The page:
One of the many double-edged swords with the teacher personality is that for many of us, what we do is who we are. We are always “switched on” and collecting ideas, images, songs, quotes, strategies, tools–anything that may be of use to us and our students. I know each time I talk with a student about his or her future, concerns, or joys, my words and opinion have weight. There is never a moment when what I say or do doesn’t matter to those entrusted to my care. That means that on the bad days, I have to keep a lot back, put professionalism first, and focus on the role.
In the middle of this month, I started noticing a change in the way my body was feeling. My pulse pounded, I grew faint and short of breath from standing in one place. My usual Tigger-like bounce and sparkle teaching delivery took so much out of me that I had to lay down in the nurse’s office during my prep, and even that would not be enough to see me through a day. My health started to deteriorate and no amount of muscle was going to be enough to keep me on my feet. It is with a heavy heart that I am taking a leave of absence to focus on my health and to treat the illness that has suddenly invaded my life.
I miss my students and I feel such an obligation to them. Even as I struggle with questions that have no answers for me now, I keep thinking of them and what they need to learn.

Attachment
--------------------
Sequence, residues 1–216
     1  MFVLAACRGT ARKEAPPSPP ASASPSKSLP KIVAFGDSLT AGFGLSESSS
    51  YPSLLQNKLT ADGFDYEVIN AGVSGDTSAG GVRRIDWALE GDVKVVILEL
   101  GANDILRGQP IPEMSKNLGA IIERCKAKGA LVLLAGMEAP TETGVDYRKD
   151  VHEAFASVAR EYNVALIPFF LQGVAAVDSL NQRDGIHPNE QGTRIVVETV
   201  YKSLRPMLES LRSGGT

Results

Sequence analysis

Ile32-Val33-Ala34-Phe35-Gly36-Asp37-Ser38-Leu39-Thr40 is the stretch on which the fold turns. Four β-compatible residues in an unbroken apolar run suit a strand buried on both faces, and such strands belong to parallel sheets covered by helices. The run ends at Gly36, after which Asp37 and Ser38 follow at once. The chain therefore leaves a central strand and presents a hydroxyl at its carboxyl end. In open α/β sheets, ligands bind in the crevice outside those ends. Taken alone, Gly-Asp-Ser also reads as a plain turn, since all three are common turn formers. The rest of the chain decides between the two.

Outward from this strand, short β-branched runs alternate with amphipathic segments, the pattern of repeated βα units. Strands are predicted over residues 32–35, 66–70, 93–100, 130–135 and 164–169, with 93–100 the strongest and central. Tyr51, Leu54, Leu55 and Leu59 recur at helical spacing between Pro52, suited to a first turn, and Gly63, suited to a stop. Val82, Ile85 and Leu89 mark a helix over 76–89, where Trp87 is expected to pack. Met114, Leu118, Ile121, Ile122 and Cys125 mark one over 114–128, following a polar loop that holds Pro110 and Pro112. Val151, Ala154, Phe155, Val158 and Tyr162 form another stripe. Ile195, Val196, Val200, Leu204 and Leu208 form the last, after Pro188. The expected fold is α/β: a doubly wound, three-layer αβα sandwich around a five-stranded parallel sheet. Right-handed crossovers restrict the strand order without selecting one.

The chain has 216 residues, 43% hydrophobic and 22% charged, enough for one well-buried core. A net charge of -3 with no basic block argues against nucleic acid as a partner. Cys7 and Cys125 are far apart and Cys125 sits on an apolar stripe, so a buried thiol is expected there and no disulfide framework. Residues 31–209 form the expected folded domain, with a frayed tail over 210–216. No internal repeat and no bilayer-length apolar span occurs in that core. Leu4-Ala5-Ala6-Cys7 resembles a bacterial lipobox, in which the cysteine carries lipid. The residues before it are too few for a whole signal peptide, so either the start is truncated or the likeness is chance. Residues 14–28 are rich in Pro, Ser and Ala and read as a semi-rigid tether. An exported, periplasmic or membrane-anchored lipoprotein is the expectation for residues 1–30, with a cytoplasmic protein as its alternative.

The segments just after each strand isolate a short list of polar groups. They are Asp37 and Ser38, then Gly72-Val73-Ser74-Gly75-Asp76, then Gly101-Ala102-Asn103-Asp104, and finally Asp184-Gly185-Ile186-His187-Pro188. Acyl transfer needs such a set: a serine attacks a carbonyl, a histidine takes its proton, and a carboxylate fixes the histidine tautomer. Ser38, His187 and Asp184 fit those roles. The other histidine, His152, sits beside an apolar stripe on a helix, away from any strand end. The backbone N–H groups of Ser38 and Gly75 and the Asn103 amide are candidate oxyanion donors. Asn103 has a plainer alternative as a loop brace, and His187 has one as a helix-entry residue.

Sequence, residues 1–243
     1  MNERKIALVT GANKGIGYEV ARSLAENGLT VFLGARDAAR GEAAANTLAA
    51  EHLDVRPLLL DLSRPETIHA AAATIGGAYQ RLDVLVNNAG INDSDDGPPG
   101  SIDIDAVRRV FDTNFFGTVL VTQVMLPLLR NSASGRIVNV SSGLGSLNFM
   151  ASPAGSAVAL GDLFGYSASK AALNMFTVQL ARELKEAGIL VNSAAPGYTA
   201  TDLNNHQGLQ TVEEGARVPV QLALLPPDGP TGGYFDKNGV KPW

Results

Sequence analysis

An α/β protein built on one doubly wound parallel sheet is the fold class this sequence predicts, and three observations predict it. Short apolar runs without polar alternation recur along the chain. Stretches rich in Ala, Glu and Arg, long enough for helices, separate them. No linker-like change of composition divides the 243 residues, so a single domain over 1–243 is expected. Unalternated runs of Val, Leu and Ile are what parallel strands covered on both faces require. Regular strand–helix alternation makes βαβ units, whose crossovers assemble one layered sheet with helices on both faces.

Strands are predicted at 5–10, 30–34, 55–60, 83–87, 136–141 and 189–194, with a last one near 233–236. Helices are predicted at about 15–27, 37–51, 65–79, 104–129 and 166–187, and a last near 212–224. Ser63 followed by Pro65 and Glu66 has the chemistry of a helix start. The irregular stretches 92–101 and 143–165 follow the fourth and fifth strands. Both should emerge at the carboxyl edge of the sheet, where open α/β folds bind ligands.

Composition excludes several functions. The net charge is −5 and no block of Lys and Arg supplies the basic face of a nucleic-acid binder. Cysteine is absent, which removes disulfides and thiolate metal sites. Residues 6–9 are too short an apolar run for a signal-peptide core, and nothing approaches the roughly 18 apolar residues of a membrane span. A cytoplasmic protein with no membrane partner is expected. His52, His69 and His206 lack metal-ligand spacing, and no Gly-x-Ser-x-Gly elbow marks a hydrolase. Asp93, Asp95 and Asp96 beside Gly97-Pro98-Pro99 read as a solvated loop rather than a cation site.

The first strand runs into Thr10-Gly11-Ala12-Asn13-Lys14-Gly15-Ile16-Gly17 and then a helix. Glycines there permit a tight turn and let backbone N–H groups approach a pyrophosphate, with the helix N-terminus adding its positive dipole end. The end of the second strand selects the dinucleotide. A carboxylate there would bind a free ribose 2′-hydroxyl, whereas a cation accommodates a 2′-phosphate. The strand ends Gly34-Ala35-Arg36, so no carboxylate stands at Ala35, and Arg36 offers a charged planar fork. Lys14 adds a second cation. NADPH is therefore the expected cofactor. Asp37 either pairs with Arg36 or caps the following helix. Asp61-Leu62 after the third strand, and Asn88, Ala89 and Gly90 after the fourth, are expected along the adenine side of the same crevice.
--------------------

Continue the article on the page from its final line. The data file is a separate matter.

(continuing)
One of my colleagues reminded me that whether I am in my classroom or not, I am still teaching my students. Right now, that lesson happens to be how to live with illness with courage and self-care. I can teach them compassion and patience as I stay focused on recovery. I can teach them honesty and determination each time I respond to a gentle email question, “When are you coming back?” I will teach them professionalism and responsibility as someone stands in my place to teach my lessons as I guide them from a distance, always looking over their shoulders, never forgetting the learning that is happening whether I am there physically or not. Most of all, I can teach them independence–that they are the only ones who can take control of their learning, that my most proper role is as a coach and guide.
I am always a teacher, learning now to teach all kinds of ways.